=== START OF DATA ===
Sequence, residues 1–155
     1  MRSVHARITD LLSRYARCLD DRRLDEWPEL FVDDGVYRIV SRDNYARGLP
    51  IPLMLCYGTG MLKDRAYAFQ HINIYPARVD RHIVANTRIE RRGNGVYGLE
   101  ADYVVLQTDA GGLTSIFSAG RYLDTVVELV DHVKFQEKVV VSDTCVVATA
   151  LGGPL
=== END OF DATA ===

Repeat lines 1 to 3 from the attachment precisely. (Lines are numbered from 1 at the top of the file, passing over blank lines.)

Sequence, residues 1–155
     1  MRSVHARITD LLSRYARCLD DRRLDEWPEL FVDDGVYRIV SRDNYARGLP
    51  IPLMLCYGTG MLKDRAYAFQ HINIYPARVD RHIVANTRIE RRGNGVYGLE